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Servando at the NIH Clinical Center

Servando, a 37-year-old chef, from Tulsa, OK, has Chronic Myeloid Leukemia, or CML. His treatment has been more complicated than for most patients with this potentially fatal blood cancer. So as a last resort, he came to the NIH with the hope for a cure.

In CML, the bone marrow makes too many white blood cells. Before the discovery of targeted drug therapies, a CML diagnosis was considered a death sentence. But after NIH-supported research and the 2001 FDA approval of the first targeted drug therapy, Gleevac, most CML patients can expect to live long and healthy lives, although they can require life-long treatment.

After his diagnosis two years ago, Servando took three different drugs, including Gleevac, and failed all of them. His cancer cells were mutating faster than they could be destroyed, making them immune to the therapy that worked for others. His oncologist said Servando’s only hope for a cure was a stem cell transplant.

An allogeneic transplant (using donor stem cells) wasn’t available near his home so he enrolled in a study at the NIH Clinical Center that would focus on graft vs host disease in well-matched, but unrelated donors. He learned, to his surprise, that his donor is a 20-year-old Israeli woman.

With his sons, before treatment

Servando gave up his job and apartment and sold nearly all his belongings, keeping only a few clothes and some of his sons’ treasured toys, to pay for a trip to the NIH. He packed his car and drove to Bethesda, MD. His family also raised money for him but not nearly enough to pay for an extended stay at the NIH.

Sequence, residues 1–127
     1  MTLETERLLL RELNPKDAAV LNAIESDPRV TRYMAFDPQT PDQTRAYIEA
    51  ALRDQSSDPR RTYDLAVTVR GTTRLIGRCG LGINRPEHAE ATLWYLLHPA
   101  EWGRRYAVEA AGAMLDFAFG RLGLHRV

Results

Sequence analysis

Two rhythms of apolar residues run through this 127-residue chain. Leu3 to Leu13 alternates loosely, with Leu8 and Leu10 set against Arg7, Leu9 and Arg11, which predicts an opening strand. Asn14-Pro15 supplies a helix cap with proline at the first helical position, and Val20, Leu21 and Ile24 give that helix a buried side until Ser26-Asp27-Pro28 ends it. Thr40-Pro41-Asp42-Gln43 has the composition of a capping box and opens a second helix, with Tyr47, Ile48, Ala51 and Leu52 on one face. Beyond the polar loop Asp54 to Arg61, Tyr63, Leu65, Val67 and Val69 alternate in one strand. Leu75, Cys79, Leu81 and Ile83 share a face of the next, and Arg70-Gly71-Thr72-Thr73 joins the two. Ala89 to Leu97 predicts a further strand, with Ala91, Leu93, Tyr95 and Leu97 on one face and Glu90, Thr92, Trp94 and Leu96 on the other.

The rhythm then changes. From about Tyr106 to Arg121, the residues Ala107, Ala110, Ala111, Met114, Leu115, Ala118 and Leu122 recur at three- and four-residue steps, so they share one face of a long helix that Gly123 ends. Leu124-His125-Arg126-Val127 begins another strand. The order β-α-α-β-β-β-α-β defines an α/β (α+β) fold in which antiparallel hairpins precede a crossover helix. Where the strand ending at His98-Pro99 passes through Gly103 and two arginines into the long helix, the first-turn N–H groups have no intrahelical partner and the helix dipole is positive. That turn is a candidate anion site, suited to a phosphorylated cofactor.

Fortunately, with the generous support of donors, Friends of Patients at the NIH placed Servando in one of our apartments near the NIH campus for three months of monitoring after his stem cell transplant. His parents joined him from Mexico to help with his care. (pictured below).

Servando and Dr. Steven Pavletic, head of the Graft-versus-host and Autoimmunity Unit of the National Cancer Institute

Servando has nothing but thanks for the help that Friends’ donors provide, saying he is especially appreciative of the apartment for its privacy, comfort and providing a place for his family to prepare healthy meals to help his recovery. “It is great support. I know bad things happen in this world, that’s a reality. But there also are a lot of good people who make a difference.”

Dr. Steven Pavletic, Servando’s physician, says the stem cell transplant is, at this point, a complete success as all of Servando’s blood cells are coming from the donor cells. “What we tell our patients is allogeneic transplantation is a process. It’s not like having surgery, and you heal and go home,” he says. “It’s transplantation of another person’s immune system and that takes time for the recipient’s body to adjust to, so there are several stages.”

Servando is dealing with a complication of graft versus host disease, but Dr. Pavletic believes his chances are very good for keeping the CML in remission and going home soon. “It’s a team effort with the patient, the family and community care physicians…and in this context Friends at NIH helped save his life.”


Servando, and his medical team, including Dr. Steven Pavletic, (far right) and Dr. Shruti Gandhy

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